Mirai Nagasu takes aim at leader Bradie Tennell and U.S. women’s figure skating title
Standing alone on the ice at SAP Center on Wednesday night as she prepared to perform her short program at the U.S. figure skating championships, Mirai Nagasu said a few words only she could hear.
“I think every brilliant mind is a little bit crazy,” she said. “Sometimes I doubt myself, and that was me telling myself I am fully capable and I can do it. Once the music started I was in the moment, and I feel good about how I did.”
As well she should. Nagasu, who made the 2010 U.S. Olympic team but was passed over in 2014 in a controversial decision, took a significant step toward a berth in the Pyeongchang Olympics by finishing a close second to Bradie Tennell in the short program, the first phase of the women’s competition.
Tennell, 19, earned 73.79 points for a flawless routine, just ahead of Nagasu (73.09), who flubbed the landing of a difficult triple axel jump. Behind them are defending champion Karen Chen (69.48); Angela Wang, who earned 67 points for a moving version of “Somewhere Over the Rainbow”; and three-time U.S. champion Ashley Wagner (65.94).
The women will perform their long programs Friday. A selection committee will meet to consider the Olympic criteria and will inform the chosen athletes late that night. The names will be announced on TV early Saturday.
American women’s singles skaters have been shut out of medals at the last two Winter Olympics and have won only one medal at the last 11 world championships, a silver for Wagner in 2016. But Nagasu, 24, earned lavish praise Thursday from 1998 Olympic gold medalist Tara Lipinski, who was known for her fearlessness and her jumping skills.
“She is, for me, the most inspiring skater here,” said Lipinski, a member of NBC’s broadcast team here and at the Pyeongchang Games. “This girl is out for blood and she’s not just riding that wave of, ‘Oh, I have a name, I’ve been around for 10 years.’…She has upped the technical ante. She’s trying the most difficult technical element for a woman, the triple axel, and she’s nailing it like some of the best men nail it. And she’s a true competitor. She sets the bar that much higher of how it should be done if you’re going to stay in the sport. She is staying up there with the young ones, and I’ve been in awe of her all week.”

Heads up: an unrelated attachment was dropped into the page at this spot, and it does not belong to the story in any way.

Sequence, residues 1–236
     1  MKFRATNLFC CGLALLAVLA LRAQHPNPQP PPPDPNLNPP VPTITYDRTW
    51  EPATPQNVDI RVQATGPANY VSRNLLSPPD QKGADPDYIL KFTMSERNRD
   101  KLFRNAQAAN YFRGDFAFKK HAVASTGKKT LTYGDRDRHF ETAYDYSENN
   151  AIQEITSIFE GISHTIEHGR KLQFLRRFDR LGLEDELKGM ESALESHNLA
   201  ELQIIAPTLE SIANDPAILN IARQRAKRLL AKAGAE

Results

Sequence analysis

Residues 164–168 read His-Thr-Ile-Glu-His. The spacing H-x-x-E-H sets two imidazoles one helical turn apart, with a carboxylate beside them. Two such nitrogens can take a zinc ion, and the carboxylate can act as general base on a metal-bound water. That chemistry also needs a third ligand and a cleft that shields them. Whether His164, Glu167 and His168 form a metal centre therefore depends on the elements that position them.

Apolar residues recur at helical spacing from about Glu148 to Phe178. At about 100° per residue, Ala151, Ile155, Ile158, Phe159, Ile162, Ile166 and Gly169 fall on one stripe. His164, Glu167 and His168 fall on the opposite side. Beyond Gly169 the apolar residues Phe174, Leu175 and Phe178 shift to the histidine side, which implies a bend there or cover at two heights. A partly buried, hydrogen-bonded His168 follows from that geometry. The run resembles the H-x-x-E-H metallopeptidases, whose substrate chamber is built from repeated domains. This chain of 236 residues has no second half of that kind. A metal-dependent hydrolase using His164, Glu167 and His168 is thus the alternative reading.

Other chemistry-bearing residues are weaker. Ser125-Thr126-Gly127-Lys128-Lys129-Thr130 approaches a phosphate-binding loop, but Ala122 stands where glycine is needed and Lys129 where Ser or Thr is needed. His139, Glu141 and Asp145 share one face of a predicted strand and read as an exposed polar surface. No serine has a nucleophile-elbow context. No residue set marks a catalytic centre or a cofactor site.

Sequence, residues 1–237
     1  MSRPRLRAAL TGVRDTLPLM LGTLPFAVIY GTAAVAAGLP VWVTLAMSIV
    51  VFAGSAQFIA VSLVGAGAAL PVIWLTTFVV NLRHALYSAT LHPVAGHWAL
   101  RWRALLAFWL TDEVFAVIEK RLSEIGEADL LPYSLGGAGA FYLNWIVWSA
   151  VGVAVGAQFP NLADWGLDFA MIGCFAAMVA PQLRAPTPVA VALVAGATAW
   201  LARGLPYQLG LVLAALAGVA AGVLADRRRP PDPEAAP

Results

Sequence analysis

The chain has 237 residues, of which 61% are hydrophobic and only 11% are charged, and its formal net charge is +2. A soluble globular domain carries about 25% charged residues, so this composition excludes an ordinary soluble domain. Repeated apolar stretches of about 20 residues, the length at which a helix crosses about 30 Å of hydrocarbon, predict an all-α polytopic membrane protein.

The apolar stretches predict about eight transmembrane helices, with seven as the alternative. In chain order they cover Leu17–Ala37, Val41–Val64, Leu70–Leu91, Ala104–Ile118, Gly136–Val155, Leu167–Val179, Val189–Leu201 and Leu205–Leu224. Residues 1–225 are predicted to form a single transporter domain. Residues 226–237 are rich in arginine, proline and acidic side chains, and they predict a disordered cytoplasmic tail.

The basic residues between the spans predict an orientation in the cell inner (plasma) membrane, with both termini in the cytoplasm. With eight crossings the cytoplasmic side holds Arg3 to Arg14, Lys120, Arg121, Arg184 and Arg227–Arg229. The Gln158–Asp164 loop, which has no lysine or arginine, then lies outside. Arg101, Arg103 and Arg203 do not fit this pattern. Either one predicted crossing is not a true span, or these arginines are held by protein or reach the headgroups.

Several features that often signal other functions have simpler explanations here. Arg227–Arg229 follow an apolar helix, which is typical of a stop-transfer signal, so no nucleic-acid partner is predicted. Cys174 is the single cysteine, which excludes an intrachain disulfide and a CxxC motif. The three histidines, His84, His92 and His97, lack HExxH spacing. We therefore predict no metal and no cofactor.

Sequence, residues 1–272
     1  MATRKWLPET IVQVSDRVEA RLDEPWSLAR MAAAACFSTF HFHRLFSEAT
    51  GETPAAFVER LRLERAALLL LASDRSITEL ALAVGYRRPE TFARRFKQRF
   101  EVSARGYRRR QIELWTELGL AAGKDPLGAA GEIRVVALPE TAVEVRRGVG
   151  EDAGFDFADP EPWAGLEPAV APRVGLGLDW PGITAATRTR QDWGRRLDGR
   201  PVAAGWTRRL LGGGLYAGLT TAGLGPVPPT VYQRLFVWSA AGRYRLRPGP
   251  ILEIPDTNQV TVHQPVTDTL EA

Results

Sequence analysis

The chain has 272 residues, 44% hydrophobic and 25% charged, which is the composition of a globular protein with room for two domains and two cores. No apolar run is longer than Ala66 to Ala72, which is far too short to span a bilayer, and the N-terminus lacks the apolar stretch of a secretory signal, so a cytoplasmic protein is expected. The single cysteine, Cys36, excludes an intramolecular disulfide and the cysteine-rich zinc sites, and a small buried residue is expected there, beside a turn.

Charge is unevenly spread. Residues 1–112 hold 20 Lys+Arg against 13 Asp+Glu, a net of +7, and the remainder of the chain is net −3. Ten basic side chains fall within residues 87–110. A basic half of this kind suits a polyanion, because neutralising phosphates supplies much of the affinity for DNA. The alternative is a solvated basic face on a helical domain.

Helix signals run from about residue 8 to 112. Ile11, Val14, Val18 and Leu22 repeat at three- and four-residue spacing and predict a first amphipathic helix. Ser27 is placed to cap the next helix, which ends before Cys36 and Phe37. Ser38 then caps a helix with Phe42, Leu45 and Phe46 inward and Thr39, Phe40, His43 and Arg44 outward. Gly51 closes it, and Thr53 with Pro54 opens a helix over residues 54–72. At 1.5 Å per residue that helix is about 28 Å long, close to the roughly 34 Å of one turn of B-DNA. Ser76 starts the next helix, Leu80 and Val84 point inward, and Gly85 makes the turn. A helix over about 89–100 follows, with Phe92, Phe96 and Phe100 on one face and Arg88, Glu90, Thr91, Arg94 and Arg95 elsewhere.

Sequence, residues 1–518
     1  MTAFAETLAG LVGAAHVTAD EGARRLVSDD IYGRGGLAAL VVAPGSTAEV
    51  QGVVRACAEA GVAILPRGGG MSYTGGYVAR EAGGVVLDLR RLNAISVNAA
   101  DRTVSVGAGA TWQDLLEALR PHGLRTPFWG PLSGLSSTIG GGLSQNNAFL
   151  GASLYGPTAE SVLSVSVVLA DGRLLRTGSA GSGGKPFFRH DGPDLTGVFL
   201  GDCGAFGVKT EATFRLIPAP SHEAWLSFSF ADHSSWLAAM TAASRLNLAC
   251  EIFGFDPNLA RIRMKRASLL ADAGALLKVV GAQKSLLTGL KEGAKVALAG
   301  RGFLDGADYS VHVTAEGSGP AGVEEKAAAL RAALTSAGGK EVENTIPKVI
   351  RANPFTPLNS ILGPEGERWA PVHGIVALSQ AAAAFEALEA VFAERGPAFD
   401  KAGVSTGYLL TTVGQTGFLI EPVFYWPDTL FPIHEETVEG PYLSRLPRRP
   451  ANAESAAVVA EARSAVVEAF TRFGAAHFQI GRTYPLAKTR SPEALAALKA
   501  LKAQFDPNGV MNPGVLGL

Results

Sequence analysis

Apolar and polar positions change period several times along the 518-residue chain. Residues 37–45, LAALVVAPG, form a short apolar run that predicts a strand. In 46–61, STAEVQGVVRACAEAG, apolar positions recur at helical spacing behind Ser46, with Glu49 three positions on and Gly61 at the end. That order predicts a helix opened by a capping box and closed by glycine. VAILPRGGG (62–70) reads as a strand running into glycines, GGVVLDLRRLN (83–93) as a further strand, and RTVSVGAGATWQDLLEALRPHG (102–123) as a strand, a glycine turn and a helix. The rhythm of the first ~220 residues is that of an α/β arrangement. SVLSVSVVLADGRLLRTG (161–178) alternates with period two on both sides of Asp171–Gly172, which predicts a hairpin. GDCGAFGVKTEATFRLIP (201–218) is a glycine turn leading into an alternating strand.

Tennell stated her case emphatically with the highest short-program score ever earned at the U.S. championships. She has never been in this position before, but she betrayed no nerves. Tennell, of Carpentersville, Ill., said she planned to spend Thursday relaxing and watching the men’s and pairs events. “On Friday I’m just going to focus on doing what I know how to do,” she said.
Lipinski had predicted that Tennell will make the Olympic team but is curious to see how Tennell handles the new pressure of being a leader.
“When I watched her skate in comparison to the rest of group she had not only a very consistent technical arsenal and she never misses, that mentally she has blinders on, and that’s very difficult as a competitor to do,” Lipinski said of what she noticed in Tennell’s demeanor.
Wagner, 26, said she wasn’t comfortable with her program and felt it was stale, adding that she might rework or replace it if she goes to Pyeongchang. But to get there she first must excel with her new “La La Land” long program on Friday.
“I’m going to fight tooth and nail because I want to be on that Olympic team,” said Wagner, who contributed to a team bronze medal at Sochi in 2014. “But whatever happens here, I have a career that I’ve been so blessed to experience.”
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